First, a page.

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New Type of HIV Outbreak: on college campuses among men who have sex with men and women
  "Despite college HIV outbreak in North Carolina, lack of funding stymies health officials"
Associated Press
March 10, 2004
Daniel Yee, Associated Press
Note from Jules Levin: several days ago I watched a TV news segment highlighting that on college campuses students are more free about sexual experimentation and having multiple partners. They news segment highlighted NYU and Columbia University and how their student newspapers were publishing articles about this with particular note that at NYU the newspaper had a column for students to write in with questions. Not once during the entire news segment was HIV & AIDS mentioned. Instead the NYU columnist, who is a professor at NYU, discussed the main question female students have: should I use condoms or other form of contraception against "pregnancy". But she did not mention the importance of protection from HIV or other STDs.
ATLANTA (AP) - Federal health officials are urging Southern states to be vigilant for signs of campus HIV outbreaks like the one that recently surprised health officials in North Carolina.
But so far, little has been done. The Centers for Disease Control and Prevention says it doesn't have the money to do widespread testing.
Meanwhile, officials worry that unwitting infected students will spread the AIDS virus across the country when they return to their hometowns during class breaks or after graduation.
"There's no way we've diagnosed all the infections," said Dr. Peter Leone, HIV medical director at the North Carolina Department of Health and Human Services. "We have every reason to believe there's continuing ongoing transmission."
Recently, researchers found that more than one in five of North Carolina's new HIV infections among 18- to 30-year-olds occurred in students, and that college students were 3.5 times more likely than non-students to become infected.
Researchers first noticed the increase in 2002. Officials now believe it began in mid-2001 and is ongoing. The North Carolina researchers reported last month that they found 84 newly infected male college students over the past three years, 73 of them black. The cases were linked to 37 North Carolina colleges. Up to a dozen cases related to the outbreak also were found in schools in Georgia, Florida, South Carolina, Virginia, West Virginia and the District of Columbia.
While those numbers are small, they are worrisome because they are higher than expected. Health officials fear there could be many more undetected cases.
Despite the alarm, the government has done little to curb the outbreak, Leone said. No additional federal funding has been provided to health agencies in the South, he said.
"I'm mortified more isn't being done," Leone said. "It suggests apathy at the federal level."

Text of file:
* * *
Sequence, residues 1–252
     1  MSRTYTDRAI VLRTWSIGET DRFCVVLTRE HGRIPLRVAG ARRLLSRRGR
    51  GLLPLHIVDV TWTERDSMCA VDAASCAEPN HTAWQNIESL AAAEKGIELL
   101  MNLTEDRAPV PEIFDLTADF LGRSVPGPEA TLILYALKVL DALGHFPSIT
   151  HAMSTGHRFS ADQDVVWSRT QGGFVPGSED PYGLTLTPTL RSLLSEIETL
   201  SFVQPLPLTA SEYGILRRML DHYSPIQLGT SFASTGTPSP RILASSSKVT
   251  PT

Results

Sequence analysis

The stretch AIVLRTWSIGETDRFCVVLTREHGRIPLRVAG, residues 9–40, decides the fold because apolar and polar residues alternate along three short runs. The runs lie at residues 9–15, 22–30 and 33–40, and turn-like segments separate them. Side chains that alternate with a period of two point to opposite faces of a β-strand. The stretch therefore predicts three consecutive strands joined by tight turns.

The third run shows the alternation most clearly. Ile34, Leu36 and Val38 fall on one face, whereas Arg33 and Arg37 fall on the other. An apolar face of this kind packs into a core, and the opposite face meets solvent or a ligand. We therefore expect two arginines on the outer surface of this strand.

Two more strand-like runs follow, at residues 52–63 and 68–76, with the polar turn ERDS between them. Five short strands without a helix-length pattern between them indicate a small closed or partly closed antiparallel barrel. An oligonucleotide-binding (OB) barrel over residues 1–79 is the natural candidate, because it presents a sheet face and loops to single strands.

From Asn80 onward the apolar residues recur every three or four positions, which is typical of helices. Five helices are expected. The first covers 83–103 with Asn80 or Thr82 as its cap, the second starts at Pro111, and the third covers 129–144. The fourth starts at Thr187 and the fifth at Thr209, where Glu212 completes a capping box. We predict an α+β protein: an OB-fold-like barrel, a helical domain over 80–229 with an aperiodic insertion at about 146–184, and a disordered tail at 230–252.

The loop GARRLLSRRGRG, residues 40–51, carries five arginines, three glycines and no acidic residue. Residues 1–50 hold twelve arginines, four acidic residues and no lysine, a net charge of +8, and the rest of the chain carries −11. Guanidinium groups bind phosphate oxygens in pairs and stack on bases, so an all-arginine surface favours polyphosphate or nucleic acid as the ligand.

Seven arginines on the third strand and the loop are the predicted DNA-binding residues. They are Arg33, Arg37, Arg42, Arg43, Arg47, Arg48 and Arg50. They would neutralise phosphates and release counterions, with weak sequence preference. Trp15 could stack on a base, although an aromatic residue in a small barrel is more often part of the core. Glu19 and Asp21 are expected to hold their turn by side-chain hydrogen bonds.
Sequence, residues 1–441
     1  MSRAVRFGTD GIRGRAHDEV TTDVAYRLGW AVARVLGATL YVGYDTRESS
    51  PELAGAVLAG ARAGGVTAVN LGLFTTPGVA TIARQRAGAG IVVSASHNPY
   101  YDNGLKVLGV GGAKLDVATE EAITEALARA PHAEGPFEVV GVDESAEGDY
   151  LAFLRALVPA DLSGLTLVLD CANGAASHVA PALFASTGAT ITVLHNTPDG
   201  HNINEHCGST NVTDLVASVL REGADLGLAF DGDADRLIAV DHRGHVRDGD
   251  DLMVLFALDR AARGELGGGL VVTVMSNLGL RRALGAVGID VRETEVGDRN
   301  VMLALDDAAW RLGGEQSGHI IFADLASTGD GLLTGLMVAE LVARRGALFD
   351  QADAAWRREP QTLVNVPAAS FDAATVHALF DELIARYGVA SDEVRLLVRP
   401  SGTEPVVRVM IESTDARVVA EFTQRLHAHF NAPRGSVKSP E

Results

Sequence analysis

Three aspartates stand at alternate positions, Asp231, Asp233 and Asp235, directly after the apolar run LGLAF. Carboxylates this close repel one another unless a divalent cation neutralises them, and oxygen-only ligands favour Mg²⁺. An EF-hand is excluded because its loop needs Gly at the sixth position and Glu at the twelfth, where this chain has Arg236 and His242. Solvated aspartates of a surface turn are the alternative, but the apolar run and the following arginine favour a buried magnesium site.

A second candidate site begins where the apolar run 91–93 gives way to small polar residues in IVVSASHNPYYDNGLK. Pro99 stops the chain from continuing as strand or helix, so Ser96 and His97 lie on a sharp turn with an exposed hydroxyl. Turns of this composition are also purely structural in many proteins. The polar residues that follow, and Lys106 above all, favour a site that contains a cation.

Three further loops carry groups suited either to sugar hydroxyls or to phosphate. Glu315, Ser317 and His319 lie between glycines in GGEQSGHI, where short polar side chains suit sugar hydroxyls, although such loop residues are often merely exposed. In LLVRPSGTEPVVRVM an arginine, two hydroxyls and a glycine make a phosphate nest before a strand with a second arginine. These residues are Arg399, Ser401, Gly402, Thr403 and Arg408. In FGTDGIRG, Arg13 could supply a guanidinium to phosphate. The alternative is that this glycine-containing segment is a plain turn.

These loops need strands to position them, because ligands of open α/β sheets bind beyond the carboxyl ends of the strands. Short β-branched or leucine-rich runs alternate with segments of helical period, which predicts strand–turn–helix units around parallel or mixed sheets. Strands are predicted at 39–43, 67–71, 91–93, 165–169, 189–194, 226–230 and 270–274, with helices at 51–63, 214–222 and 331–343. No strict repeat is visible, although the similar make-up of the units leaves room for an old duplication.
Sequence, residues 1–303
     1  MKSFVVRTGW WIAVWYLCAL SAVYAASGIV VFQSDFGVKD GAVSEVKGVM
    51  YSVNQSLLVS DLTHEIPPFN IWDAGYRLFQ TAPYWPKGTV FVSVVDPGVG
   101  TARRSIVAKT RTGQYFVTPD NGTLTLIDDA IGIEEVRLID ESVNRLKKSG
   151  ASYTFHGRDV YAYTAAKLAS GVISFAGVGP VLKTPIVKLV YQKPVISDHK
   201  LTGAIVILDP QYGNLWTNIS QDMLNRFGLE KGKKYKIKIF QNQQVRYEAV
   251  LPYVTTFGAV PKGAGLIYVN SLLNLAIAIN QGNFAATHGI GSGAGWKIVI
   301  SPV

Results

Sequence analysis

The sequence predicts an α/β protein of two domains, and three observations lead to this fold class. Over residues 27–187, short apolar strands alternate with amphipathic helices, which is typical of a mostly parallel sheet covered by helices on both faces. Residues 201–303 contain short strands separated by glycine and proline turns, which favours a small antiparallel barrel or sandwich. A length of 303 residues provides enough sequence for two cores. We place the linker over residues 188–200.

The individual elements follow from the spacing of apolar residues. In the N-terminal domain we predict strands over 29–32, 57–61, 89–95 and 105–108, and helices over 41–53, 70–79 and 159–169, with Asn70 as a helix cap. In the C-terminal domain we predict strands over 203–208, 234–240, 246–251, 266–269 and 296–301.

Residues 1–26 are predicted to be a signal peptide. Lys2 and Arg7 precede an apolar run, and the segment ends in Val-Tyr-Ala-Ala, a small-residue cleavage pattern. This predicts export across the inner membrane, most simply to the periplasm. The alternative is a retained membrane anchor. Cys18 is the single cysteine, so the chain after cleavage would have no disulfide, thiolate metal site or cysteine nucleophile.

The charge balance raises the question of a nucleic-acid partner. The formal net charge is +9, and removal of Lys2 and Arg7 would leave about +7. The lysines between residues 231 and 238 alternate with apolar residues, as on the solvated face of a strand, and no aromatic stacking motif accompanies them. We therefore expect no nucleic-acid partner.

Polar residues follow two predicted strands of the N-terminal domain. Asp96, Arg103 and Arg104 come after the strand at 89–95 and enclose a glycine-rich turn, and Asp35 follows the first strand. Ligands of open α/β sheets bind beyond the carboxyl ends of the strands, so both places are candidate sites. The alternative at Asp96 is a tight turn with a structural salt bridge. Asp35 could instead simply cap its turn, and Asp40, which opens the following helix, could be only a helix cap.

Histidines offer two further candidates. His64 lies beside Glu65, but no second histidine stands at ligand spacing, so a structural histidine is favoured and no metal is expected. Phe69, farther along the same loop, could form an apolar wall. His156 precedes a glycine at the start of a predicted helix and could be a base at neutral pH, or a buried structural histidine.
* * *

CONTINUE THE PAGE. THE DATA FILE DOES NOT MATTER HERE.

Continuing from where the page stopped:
CDC officials say they are doing the best they can. They are providing technical assistance, planning more HIV surveys in North Carolina, and designing an intervention program for young black men who have sex with other men, said Lisa Fitzpatrick withthe CDC.
"The overall problem is that CDC funding has been cut," Fitzpatrick said. "We need money from Washington to trickle down to us so we can help North Carolina."
The agency is urging other states, especially in the South, to check for similar college outbreaks, Fitzpatrick said. However, North Carolina discovered its cases through a new way of testing for HIV that other states are not using yet.
North Carolina officials pooled blood samples of people who tested negative in conventional HIV tests. Then they used a different, faster test that can detect the virus itself, rather than relying on the conventional test that checks for antibodies which show up in the blood later.
While all but two of the men infected in the outbreak had sex at least once with another man, they typically did not consider themselves to be gay or bisexual, according to North Carolina's research. Nor did they perceive themselves to be at risk of infection, said Leone, who added that prevention messages should focus on behaviors rather than sexual identity.
That finding worries health officials who fear their prevention messages -- mainly tailored to strictly gay or straight men -- might not be getting through to those who do not identify themselves as homosexuals, even though they have casual sex with men. Leone said most of the people infected didn't think they were at risk.
"We've been somewhat remiss in focusing on people's sexual identity," Fitzpatrick said. "It doesn't matter what their sexual identity is, we need to focus on their behaviors."
Those infected also frequently traveled outside the state, used the Internet to meet partners and were 34 times more likely than non-college men to have sex with other college students.
"Because of the way we pigeonhole people in this society, we don't think of college students as being at risk for HIV," Fitzpatrick said. "Our prevention efforts have not focused heavily on college campuses ... they are actually an important place to implement prevention activities."
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